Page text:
UPDATE: Many of the web sites taken down Thursday are back online, including that of the U.S. Department of Justice. Read how Anonymous takes them down here.
The Anonymous hacktivist collective said Thursday it has exacted its revenge on the U.S. Justice Department, the FBI and various entertainment industry sites in response to Justice's takedown of the popular file-sharing sites Megaupload and Megavideo Thursday and the continuing controversy over the SOPA bill currently before Congress.
People associated with Anonymous took to the Web Thursday to claim responsibility for service disruptions on the home pages of the Recording Industry Association of America, Universal Music, Motion Picture Association of America, U.S. Copyright Office and others. Twitter users associated with the collective claimed Thursday that more than 5,000 people worked together to target the sites using a hacker application that facilitates what are known as Distributed Denial of Service (DDOS attacks), calling it the collective's largest such effort to date.
Anonymous-affiliated Twitter accounts announced that the moves came in response to the decision by the feds to take down the popular file-sharing sites Megaupload and Megavideo on charges that it they distributed pirated material on a massive scale, as well as to show Anonymous's opposition to the controversial Stop Online Piracy Act.
A major Anonymous Twitter account announced the move Thursday at about 5 p.m.: #OPMegaUpload is in Full Effect. Justice.gov DOWN - MPAA.orgDOWN - UniversalMusic.com DOWN - MASS DDOS ATTACK! Twitter user @Anondaily Tweeted.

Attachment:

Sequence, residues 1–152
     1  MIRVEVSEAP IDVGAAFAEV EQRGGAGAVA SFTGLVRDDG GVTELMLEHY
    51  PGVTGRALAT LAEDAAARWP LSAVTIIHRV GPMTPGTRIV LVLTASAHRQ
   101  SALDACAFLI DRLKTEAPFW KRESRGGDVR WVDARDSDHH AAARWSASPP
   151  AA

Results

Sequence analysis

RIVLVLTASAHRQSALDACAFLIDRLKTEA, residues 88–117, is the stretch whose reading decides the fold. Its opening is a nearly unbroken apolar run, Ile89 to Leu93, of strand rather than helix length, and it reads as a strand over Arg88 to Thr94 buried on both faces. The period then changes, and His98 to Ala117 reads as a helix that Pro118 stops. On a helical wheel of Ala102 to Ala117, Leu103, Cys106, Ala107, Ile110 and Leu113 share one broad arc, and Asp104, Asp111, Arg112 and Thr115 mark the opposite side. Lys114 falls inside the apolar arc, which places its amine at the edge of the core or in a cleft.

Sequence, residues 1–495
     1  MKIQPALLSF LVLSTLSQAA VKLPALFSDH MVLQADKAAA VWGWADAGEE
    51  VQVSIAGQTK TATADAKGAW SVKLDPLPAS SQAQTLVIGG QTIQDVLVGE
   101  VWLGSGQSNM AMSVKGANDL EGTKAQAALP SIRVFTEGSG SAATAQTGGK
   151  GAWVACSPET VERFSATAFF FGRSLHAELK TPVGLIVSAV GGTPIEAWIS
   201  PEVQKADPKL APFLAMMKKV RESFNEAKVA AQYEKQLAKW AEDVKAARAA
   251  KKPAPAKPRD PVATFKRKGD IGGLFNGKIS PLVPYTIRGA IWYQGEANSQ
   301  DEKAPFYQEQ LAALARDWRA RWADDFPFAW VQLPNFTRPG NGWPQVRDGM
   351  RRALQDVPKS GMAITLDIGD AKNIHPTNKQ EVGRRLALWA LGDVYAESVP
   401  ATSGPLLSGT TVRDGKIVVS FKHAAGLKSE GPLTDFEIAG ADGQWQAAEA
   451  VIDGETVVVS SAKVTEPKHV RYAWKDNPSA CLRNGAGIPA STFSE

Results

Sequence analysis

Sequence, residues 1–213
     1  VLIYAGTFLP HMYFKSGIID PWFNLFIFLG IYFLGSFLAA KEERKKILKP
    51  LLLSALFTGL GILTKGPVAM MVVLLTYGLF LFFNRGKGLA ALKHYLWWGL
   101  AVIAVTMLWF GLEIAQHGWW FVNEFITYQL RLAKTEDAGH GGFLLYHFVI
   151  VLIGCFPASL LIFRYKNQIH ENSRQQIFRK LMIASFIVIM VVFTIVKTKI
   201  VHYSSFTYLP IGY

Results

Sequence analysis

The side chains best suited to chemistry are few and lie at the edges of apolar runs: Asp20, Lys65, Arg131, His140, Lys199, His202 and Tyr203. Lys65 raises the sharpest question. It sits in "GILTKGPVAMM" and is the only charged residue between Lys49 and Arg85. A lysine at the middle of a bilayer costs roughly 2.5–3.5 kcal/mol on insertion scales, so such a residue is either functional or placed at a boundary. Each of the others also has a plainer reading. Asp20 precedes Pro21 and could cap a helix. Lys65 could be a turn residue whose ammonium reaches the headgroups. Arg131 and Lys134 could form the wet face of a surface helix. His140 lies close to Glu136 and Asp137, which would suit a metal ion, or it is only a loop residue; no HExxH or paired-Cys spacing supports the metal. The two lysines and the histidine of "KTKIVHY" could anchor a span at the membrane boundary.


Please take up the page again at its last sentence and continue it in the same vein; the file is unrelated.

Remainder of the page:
Between 5:30 and 6 p.m., @AnonDaily tweeted that FBI and the White House sites are the next target in the collective's string of attacks.
On Thursday the collective also announced that it has set up a Web site to collect donations to fund its anti-SOPA work, which would likely also fund its Megaupload and Megavideo revenge efforts.
Barrett Brown, founder of a think tank that works with Anonymous, confirmed to the Washington Post that Anonymous was behind the attack, saying he had spoken with Anonymous-affiliated people about the situation as it was happening.
But there seemed to be at least some concern among Anonymous-affiliated Twitter users, as @AnonDaily tweeted out at about 6:20 that We warn you, if you ARE an Anon participating in today's DDoS attacks vs. various SOPA supporters, please take safety precautions.
The attacks were allegedly undertaken via the use of what is called LOIC (or low orbit ion cannon), an application developed by 4Chan-affiliated hackers designed to-when used en masse by thousands of anonymous users-launch Distributed Denial of Service (DDoS) attacks, according to Gizmodo.